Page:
Tennessee Billboard Law Ruled Unconstitutional

A 45-year-old, outdoor-advertising act in Tennessee has been declared unconstitutional by a Memphis district judge, because of content-neutrality issues. An April 3, 2017 article in U. S. Today states, “U.S. District Judge Jon P. McCalla said the 1972 law ‘does not survive First Amendment scrutiny’ because it bans some forms of commercial and non-commercial speech based on content.” McCalla cited the 2015 Reed v. Gilbert SCOTUS decision in his ruling.

The article also states, “Thomas’ suit attracted allies among limited-government groups such as The Beacon Center of Tennessee, which say that billboard laws, by allowing regulatory exemptions for certain types of messages, impose undue ‘content-based’ regulation of speech.”

To read the entire article, go to: http://www.commercialappeal.com/story/news/courts/2017/04/03/memphis-judge-throws-out-state-billboard-act/99984504/

Report Says Dynamic Digital Signage Displays Increased Nearly 20% in 2016

According to a new report from Berg Insight, a Swedish research firm, global shipments of connected, digital-signage displays are estimated to have grown19.7% to 10.5 million units in 2016. Shipments to North America reached 3.0 million units, the report states.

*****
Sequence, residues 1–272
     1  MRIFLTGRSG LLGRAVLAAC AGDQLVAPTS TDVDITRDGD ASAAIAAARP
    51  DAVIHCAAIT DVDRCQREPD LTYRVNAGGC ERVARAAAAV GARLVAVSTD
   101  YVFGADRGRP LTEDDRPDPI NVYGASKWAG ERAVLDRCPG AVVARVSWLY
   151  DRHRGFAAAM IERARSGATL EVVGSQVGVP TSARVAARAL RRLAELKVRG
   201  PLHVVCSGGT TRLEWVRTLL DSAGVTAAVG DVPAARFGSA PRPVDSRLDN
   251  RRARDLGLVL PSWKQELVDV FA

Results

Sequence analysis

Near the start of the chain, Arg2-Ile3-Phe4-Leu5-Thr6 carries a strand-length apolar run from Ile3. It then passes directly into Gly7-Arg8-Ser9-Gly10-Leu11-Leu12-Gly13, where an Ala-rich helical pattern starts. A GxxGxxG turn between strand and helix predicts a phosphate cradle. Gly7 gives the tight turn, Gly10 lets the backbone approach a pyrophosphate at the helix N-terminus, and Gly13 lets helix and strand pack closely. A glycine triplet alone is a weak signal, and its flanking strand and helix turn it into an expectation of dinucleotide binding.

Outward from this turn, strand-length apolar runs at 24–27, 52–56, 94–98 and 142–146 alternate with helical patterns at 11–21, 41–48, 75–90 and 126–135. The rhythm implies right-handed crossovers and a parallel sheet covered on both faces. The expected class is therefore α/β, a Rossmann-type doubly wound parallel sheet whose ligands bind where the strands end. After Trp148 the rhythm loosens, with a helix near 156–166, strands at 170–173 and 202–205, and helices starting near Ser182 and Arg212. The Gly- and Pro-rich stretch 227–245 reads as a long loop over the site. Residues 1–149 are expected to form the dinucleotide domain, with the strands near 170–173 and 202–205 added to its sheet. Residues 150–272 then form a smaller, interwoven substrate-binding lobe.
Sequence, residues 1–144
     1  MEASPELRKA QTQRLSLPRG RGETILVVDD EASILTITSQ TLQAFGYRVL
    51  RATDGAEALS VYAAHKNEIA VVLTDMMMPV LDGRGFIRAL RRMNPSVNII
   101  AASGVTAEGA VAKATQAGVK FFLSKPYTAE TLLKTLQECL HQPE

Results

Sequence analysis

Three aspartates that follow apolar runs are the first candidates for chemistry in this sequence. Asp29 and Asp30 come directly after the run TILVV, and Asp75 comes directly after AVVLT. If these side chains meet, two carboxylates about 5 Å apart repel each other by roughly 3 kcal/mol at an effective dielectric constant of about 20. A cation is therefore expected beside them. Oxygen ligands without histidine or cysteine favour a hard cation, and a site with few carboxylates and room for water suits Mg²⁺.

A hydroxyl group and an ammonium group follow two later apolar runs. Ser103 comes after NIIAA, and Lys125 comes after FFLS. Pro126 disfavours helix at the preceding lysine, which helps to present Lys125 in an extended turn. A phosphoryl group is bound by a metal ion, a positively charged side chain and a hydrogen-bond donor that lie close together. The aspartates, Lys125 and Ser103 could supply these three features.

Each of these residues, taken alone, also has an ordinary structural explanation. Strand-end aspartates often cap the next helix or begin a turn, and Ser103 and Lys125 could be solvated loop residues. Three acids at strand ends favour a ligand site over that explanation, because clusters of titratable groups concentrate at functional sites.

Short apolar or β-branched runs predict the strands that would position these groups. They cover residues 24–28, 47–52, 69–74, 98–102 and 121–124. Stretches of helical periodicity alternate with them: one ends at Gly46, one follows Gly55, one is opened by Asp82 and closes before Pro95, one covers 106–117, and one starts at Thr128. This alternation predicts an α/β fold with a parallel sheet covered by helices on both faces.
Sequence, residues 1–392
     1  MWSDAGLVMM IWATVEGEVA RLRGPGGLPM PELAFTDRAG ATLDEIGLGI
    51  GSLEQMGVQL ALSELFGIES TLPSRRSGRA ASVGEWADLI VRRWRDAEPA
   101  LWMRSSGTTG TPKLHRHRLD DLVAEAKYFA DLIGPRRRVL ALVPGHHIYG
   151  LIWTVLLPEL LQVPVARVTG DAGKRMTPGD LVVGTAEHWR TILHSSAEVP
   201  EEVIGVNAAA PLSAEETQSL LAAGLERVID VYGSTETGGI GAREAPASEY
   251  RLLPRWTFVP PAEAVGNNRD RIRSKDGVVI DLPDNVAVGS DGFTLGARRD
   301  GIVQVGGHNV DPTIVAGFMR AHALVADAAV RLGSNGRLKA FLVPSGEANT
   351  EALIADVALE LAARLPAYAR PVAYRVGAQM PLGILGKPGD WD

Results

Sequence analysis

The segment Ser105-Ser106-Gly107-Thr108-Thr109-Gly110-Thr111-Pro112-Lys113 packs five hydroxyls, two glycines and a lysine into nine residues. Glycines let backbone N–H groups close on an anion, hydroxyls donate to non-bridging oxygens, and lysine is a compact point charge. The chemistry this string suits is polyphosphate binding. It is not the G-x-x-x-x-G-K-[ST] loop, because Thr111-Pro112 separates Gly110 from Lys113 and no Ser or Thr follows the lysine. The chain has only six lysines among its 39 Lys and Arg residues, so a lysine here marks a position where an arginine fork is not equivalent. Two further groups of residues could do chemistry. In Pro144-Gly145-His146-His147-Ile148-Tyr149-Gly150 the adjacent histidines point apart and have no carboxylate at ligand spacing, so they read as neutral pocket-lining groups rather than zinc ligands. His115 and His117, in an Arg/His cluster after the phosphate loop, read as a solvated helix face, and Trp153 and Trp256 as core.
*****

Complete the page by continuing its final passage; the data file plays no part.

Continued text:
Market growth was driven by greater demand for digital-signage solutions in all market verticals, technological advancements and a continued decline in prices, the report adds.

Berg Insight forecasts that global shipments of connected digital signs will grow at a compound annual growth rate (CAGR) of 16.7% in the next five years to reach 22.9 million units by 2021. As a result, the number of connected digital signage displays in active use worldwide will grow at a CAGR of 18.3% from an estimated 37.6 million in 2016 to 87.2 million units in 2021.

Berg describes the digital-signage industry as “highly fragmented.”

More details about the research can be found at http://www.berginsight.com/News.aspx?m_m=6&s_m=1

Swormstedt Serves as Judge in Signs of the Times Annual Sign Contest

Wade Swormstedt, the Executive Director of the Foundation for the Advancement of the Sign Industry (FASI), served as a judge in Signs of the Times’ annual International Sign Contest. The results will soon be published in the magazine’s April 2017 issue.

Each sign was assigned to one of 9 categories: Sign Systems, Commercial Monument, Electric Monument, Murals/Exhibits, Commercial Freestanding, Electric Freestanding, Commercial Building, Electric Building and Unique.